Missed Chances

Bla­tant fail­ings by law en­force­ment agen­cies meant that mul­ti­ple op­por­tu­ni­ties to res­cue Jaycee were missed

Real Crime - - Jaycee Dugard -

Gar­rido Is Re­leased

On 20 Jan­uary 1988 the US Pa­role Com­mis­sion agreed that Gar­rido was no longer a threat to the pub­lic and re­leased him from prison, after he had served only 11 years of a 50year sen­tence for the kid­nap­ping of Katie Call­away in 1976. Had Gar­rido been left to serve out his sen­tence he would not have been able to abduct and rape Jaycee.

Early Pa­role Ter­mi­na­tion

Gar­rido was granted an early ter­mi­na­tion of his pa­role on 9

March 1999. His pa­role agent wrote Gar­rido a let­ter thank­ing him for his “co­op­er­a­tion”. The de­ci­sion to ter­mi­nate his pa­role, made by the US Pa­role Com­mis­sion, was re­port­edly due to Gar­rido’s good behaviour on pa­role and clean record.

Cur­sory Check

After 1999, the Cal­i­for­nia De­part­ment of Cor­rec­tions and Re­ha­bil­i­ta­tion ( CDCR) took over Gar­rido’s su­per­vi­sion, mak­ing up to 60 home vis­its be­tween 2000 and Au­gust 2009. Dur­ing some vis­its, pa­role of­fi­cers didn’t even re­alise that a young woman and her two young chil­dren were liv­ing on the prop­erty.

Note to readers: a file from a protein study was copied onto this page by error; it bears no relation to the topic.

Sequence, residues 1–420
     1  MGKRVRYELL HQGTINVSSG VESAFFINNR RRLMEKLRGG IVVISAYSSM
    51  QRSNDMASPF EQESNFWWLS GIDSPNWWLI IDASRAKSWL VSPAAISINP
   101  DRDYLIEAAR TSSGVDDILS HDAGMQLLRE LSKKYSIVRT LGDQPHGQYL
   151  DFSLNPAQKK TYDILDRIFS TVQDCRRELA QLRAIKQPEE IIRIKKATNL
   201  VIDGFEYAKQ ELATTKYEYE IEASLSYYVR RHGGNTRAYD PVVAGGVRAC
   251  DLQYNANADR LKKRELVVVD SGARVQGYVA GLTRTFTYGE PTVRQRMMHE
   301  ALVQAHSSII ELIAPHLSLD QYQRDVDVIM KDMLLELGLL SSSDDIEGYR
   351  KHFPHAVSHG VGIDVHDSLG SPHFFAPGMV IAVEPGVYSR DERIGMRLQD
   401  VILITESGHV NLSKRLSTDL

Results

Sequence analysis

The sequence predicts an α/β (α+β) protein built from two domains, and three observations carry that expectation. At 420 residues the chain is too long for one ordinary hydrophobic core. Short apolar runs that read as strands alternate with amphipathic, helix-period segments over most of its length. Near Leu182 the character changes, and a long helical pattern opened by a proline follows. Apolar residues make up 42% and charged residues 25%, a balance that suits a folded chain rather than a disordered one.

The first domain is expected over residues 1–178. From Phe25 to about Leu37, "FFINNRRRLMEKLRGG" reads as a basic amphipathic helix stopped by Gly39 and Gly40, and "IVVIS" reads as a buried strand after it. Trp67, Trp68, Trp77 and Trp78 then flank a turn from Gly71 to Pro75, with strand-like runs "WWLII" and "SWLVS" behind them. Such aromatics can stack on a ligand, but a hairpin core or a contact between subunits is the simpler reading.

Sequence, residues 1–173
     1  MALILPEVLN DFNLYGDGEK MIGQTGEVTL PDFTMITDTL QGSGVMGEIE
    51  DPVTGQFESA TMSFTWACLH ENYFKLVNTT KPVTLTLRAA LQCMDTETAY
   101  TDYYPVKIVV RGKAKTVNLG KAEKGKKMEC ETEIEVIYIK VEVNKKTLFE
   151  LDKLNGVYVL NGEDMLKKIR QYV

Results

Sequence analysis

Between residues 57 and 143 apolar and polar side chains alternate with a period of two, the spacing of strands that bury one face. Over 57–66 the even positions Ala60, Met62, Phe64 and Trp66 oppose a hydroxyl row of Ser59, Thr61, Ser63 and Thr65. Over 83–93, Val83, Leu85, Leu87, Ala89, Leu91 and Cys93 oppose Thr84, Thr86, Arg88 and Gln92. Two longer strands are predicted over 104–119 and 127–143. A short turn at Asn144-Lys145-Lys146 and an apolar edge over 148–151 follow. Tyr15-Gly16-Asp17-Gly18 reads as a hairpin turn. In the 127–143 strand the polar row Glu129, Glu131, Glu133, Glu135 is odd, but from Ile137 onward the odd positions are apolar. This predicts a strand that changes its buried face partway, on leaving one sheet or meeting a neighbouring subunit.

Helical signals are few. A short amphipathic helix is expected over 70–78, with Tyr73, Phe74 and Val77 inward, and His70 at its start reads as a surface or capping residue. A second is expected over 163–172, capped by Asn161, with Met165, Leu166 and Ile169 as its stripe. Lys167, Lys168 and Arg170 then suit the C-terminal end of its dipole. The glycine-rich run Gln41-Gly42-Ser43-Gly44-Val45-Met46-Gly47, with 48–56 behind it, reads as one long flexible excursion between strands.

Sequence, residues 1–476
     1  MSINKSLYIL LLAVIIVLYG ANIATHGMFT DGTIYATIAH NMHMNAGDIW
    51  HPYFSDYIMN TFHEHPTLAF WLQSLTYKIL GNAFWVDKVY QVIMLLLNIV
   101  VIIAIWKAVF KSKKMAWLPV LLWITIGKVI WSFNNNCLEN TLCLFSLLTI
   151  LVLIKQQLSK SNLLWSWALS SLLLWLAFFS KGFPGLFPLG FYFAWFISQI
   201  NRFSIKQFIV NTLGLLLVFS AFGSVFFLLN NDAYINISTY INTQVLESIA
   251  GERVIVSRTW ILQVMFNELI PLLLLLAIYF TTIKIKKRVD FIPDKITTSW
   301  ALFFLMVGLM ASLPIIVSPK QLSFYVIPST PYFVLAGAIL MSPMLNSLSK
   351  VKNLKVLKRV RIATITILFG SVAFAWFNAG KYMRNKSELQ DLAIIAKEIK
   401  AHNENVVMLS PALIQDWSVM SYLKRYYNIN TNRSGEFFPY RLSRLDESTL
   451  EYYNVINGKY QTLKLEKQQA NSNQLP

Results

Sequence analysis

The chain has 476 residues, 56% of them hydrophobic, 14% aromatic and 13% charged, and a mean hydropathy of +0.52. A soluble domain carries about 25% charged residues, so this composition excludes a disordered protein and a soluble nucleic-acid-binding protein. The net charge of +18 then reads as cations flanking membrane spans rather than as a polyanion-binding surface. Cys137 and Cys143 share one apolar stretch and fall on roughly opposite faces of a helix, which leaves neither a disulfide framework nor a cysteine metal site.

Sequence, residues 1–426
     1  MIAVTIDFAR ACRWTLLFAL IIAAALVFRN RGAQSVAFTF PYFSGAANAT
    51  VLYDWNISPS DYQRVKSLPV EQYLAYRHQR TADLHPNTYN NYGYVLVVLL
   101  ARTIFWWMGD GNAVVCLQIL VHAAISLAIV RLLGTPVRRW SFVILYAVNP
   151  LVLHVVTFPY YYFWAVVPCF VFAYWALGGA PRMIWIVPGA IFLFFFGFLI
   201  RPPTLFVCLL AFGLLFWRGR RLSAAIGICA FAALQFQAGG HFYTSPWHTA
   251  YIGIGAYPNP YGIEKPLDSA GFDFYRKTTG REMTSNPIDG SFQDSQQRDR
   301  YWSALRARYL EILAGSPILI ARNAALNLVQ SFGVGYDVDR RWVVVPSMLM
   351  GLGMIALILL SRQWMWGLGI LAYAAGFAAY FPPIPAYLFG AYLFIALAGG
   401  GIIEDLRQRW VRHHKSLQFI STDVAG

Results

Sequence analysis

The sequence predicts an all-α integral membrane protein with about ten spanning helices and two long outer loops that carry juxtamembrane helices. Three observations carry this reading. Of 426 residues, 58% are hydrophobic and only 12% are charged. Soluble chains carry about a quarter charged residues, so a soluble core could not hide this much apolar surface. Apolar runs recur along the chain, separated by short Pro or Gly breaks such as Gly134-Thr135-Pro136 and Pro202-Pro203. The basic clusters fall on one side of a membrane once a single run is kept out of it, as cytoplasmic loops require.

No Ac­tion Taken

A 2010 re­port from the Cal­i­for­nia At­tor­ney Gen­eral’s Of­fice re­vealed that on some oc­ca­sions pa­role of­fi­cers had seen and even spo­ken to Jaycee. De­spite the pres­ence of a mi­nor in the home of a con­victed sex of­fender, no ac­tion was taken against Gar­rido.

Wrong Clas­si­fi­ca­tion

The CDCR failed to cor­rectly clas­sify Gar­rido, given his his­tory as a vi­o­lent sex­ual preda­tor. As a re­sult of this mis­in­for­ma­tion, the de­part­ment failed to su­per­vise him ac­cord­ingly.

Warn­ing Dis­missed

In Novem­ber 2006, the Con­tra Costa Sher­iff’s Of­fice re­ceived a 911 call alert­ing them to the fact that Gar­rido had chil­dren liv­ing on his prop­erty. A rep­re­sen­ta­tive from the sher­iff’s of­fice vis­ited the house to talk to Gar­rido but left with­out look­ing inside the prop­erty.

Chil­dren Sighted

On 17 June 2008 a pa­role of­fi­cer noted that a 12- year- old girl ( one of Jaycee’s daugh­ters) was in Gar­rido’s home. Gar­rido said the girl was his brother’s daugh­ter. De­spite the pres­ence of a mi­nor in the home of the con­victed sex of­fender, the pa­role of­fi­cer failed to in­ves­ti­gate Gar­rido’s claims.

Miss­ing In­for­ma­tion

As is re­quired for a sex­ual preda­tor, the CDCR failed to ob­tain key in­for­ma­tion from fed­eral pa­role au­thor­i­ties about Gar­rido.

Poor Com­mu­ni­ca­tion

The CDCR failed to talk to neigh­bours or lo­cal pub­lic safety agen­cies about Gar­rido, de­spite his res­i­dence in the area and se­ri­ous con­vic­tions.

Miss­ing The Signs

Dur­ing vis­its, pa­role of­fi­cers of the CDCR failed to in­ves­ti­gate vis­i­ble util­ity wires run­ning from Gar­rido’s house to­wards the con­cealed com­pound where he was keep­ing Jaycee cap­tive.

Pa­role Vi­o­la­tions

At least once dur­ing his pa­role, in­for­ma­tion that Gar­rido had vi­o­lated his pa­role terms was passed onto the CDCR, which failed to take ac­tion against Gar­rido. This could have been an op­por­tu­nity to in­ves­ti­gate his home and find Jaycee.

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